Pastors and Masters – Ivy Compton Burnett (1925)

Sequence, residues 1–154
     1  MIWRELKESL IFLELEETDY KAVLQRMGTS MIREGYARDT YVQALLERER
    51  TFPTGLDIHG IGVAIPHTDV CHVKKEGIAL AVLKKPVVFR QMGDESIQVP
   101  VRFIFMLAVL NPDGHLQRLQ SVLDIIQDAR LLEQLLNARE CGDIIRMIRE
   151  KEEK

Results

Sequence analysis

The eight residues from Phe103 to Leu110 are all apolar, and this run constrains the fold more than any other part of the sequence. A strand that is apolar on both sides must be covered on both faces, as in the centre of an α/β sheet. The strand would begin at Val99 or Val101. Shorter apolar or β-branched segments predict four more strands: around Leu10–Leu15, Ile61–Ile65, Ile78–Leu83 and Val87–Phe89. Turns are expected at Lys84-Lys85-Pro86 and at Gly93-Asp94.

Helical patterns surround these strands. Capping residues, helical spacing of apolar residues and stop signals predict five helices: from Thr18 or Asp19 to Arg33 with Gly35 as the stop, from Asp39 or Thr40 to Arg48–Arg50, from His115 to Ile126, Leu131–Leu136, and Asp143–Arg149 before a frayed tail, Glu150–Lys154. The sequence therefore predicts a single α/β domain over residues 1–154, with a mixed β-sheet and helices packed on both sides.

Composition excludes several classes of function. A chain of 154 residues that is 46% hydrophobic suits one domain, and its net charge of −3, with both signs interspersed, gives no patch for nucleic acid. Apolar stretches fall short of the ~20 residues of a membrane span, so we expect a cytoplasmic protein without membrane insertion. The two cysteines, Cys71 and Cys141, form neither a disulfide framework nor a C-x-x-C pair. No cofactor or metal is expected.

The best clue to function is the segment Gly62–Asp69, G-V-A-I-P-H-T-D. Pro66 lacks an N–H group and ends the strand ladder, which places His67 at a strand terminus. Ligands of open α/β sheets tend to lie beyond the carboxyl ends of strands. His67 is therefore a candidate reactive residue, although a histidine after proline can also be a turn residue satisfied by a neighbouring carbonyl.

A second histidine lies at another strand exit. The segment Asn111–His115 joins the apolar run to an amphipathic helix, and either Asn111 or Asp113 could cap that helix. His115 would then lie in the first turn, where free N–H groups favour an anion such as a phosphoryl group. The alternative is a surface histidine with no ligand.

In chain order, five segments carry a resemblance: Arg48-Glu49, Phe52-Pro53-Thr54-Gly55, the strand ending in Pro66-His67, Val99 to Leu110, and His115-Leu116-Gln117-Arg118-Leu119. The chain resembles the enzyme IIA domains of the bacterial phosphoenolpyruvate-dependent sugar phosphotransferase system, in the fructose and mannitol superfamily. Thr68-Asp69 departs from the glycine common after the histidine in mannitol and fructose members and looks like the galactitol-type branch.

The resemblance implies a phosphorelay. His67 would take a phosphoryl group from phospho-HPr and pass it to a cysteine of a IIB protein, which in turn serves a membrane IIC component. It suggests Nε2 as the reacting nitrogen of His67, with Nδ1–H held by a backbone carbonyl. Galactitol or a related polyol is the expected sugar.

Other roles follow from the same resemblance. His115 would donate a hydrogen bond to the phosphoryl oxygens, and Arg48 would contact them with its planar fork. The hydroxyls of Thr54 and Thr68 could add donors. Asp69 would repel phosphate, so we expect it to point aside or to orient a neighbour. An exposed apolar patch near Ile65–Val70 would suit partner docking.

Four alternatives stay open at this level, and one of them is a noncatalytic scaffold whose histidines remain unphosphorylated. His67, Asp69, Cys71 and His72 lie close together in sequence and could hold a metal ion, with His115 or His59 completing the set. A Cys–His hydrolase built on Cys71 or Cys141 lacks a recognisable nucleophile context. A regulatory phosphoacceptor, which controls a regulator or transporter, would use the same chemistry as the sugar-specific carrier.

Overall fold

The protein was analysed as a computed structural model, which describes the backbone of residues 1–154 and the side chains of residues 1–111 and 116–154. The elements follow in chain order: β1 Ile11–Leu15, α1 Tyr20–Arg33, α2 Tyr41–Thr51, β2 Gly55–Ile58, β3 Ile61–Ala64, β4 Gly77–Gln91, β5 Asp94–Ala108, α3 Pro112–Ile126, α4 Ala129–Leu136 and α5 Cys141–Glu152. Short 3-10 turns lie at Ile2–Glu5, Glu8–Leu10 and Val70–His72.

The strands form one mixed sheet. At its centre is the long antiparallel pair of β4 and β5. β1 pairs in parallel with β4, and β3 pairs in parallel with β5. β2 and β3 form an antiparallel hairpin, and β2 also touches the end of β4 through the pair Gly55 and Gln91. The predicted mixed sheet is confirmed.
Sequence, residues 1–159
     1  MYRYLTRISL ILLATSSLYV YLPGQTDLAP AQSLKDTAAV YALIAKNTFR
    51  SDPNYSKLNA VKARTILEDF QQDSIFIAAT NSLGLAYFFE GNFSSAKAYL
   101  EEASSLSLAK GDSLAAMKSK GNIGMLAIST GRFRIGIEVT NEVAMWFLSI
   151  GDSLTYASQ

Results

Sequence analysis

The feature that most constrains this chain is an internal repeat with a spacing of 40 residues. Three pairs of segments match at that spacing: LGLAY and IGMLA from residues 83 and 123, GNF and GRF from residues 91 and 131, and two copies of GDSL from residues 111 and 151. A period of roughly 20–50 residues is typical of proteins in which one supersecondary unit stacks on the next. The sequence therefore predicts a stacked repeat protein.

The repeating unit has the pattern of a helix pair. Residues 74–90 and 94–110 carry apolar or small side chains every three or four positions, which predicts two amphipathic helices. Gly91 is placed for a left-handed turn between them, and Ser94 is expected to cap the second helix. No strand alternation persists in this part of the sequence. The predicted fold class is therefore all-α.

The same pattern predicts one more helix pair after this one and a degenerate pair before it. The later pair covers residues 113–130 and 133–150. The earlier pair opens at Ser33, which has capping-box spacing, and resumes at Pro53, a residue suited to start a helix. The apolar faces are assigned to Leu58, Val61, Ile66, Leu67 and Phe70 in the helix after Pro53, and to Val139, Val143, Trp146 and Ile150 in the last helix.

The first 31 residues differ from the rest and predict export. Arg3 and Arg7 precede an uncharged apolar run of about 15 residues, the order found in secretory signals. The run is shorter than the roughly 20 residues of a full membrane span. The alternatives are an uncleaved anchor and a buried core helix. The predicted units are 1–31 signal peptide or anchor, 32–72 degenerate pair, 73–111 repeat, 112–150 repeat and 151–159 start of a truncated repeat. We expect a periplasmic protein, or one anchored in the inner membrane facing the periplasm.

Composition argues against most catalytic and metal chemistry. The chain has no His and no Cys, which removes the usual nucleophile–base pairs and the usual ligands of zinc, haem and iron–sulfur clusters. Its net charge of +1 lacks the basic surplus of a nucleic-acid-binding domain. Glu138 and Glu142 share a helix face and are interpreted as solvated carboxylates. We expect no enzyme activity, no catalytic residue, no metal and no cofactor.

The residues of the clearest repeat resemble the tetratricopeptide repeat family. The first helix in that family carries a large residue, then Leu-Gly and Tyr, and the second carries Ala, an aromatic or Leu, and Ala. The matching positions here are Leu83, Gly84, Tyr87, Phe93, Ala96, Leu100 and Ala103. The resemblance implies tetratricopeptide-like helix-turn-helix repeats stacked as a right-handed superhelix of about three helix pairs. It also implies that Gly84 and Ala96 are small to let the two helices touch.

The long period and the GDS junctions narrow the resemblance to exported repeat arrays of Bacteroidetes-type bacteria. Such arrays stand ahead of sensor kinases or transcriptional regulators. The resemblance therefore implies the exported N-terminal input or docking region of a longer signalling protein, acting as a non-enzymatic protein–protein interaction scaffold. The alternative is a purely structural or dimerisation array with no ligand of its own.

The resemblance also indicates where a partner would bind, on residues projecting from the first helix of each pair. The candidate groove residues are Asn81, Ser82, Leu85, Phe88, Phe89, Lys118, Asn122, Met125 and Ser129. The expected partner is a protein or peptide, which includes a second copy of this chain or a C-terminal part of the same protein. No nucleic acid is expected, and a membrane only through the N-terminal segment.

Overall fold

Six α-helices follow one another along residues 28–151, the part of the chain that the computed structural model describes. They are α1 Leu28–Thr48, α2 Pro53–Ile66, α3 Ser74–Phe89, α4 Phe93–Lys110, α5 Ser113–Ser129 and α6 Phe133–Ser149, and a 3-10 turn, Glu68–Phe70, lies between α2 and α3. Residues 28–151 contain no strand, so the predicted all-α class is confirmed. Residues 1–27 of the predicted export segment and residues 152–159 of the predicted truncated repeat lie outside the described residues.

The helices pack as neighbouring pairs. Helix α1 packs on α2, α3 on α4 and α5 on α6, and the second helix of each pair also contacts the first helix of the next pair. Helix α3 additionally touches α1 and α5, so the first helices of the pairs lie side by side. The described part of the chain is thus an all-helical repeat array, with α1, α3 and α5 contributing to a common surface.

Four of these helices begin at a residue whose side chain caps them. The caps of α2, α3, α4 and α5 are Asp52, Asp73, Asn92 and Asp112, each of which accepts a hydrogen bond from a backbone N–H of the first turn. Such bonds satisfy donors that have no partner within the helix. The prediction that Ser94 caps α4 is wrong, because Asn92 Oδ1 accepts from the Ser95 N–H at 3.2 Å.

I came to this 1925 book because of John Waters’ description of Compton-Burnett’s writing in his 2010 book, “Role Models.” He said to read any of her books and that they are a hard read, but witty and worth the effort. I went to Internet Archive and read her first. Waters and reviewers on Goodreads warn us that: 1) Her novels are almost completely written in dialogue as if they were plays with no stage directions; 2) She introduces a confounding number of characters, with little explanation, sometimes a roomful al at once, and sorting them out requires going back a chapter or two more often than I’d like to admit; 3) This is more a slice of time in the life of a small boys’ school with a few little plot lines to follow, than a linear story with a recognizable plot. Again, this means going back to earlier chapters to figure out what’s going on. I suspect even people with better short-term memory than I have would need to do this. It’s the nature of her style that requires it. Ivy Compton-Burnett falls on my positive side. If you do the work, and if you’ve enjoyed period drawing room literature focused on the late 19th and early 20th century, you’ll find her amusing as can be. I’m an old fan of P.G. Wodehouse and Oscar Wilde. Compton-Burnet is clever, wicked at times, and very observant of character. I will go back to Internet Archive and read other works of hers but in between fiction that flows effortlessly. As a welcome change of pace from time to time.

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